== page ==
21 May 2017

Crapemyrtle Pruning and Trimming

Our gardening guru to the south, Neil Perry is one expert who knows his stuff when it comes to correct pruning and trimming of Crapemyrtle shrubs.

Two facts to remember:
• Crape myrtles are a sub-tropical plant. In their native homes they’re not subjected to really cold winters.
• McKinney is north of Dallas, and winters can be rather cold in McKinney. (Respect paid to Amarillo and North Dakota. We still get cold by crape myrtle standards.) 
Freeze damaged crapemyrtle
Therefore, we do occasionally see freeze damage to some of the less hardy varieties. Types like Natchez, Tuscarora, Muskogee and the old variety Country Red commonly freeze to the ground. Trim out the dead wood quickly so the new shoots can start filling in.
Game plan here should still be to remove the dead stems carefully. Leave all of the new shoots in place until fall. At that point, select the 7 or 8 straightest stems and leave them. Remove the rest. Next year, perhaps in early summer, the new growth will be sturdy enough to allow the gardener to remove all of the extra stalks and start training the three or five (odd numbers look most natural) that remain.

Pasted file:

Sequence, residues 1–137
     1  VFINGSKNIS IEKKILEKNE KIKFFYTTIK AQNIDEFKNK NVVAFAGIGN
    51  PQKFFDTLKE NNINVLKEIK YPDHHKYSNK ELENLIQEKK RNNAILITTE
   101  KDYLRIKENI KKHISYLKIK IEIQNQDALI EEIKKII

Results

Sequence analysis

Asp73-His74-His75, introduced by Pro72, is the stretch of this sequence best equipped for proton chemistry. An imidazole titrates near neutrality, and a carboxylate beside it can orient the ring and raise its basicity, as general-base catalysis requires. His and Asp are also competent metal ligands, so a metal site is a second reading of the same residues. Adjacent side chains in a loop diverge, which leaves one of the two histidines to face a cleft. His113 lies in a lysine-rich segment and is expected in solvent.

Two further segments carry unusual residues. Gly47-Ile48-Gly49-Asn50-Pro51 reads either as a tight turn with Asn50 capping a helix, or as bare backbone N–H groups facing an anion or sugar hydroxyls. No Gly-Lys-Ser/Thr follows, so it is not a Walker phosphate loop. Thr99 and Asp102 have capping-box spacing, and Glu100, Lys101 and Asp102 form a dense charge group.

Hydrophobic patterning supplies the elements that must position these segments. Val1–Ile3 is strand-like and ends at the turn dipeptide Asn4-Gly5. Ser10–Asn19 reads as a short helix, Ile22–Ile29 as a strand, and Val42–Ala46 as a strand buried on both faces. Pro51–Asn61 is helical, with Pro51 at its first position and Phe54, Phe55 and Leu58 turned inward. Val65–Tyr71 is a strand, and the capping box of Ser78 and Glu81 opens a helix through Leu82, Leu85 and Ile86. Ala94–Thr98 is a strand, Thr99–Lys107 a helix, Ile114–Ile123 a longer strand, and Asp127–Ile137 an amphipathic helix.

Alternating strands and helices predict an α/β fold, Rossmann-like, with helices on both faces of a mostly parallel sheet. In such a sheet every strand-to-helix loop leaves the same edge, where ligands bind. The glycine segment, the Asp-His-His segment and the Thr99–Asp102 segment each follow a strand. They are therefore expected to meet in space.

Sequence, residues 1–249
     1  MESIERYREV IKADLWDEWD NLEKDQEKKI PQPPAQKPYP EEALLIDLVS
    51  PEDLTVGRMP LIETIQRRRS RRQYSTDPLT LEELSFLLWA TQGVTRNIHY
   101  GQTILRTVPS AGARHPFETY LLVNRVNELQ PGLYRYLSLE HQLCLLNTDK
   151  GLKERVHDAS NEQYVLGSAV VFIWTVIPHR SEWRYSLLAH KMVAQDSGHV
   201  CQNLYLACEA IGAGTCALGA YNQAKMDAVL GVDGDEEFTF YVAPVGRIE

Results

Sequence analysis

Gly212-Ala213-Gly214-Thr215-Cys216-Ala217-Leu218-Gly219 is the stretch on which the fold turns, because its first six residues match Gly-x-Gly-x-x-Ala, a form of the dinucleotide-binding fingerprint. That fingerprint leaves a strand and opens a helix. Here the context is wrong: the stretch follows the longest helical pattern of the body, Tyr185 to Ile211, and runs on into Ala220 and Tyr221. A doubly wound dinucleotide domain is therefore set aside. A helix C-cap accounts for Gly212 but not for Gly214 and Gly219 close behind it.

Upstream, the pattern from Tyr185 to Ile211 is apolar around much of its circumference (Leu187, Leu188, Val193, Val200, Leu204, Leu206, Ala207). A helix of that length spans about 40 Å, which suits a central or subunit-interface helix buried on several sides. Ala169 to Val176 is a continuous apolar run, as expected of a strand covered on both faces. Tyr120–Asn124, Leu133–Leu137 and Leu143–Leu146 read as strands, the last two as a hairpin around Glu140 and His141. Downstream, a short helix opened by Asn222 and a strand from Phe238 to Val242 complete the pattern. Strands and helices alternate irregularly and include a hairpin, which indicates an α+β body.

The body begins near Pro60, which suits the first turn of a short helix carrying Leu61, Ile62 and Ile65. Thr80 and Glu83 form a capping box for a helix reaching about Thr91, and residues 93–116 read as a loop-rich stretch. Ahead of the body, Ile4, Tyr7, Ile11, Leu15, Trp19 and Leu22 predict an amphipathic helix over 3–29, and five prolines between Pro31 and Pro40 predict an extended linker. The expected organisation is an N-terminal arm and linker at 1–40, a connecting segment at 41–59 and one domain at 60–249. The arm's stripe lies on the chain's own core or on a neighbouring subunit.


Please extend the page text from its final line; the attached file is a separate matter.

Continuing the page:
It’s pretty amazing how quickly crape myrtles regrow. That’s why we also recommend retraining plants that have been butchered (as in “topped”) by cutting them completely to the ground in the winter, then waiting for the regrowth to pop up come spring. Do that one time, and promise your plants that they’ll never be topped again and you can have lovely crape myrtles within 18 months.
Here's his blog http://neilsperry.com/

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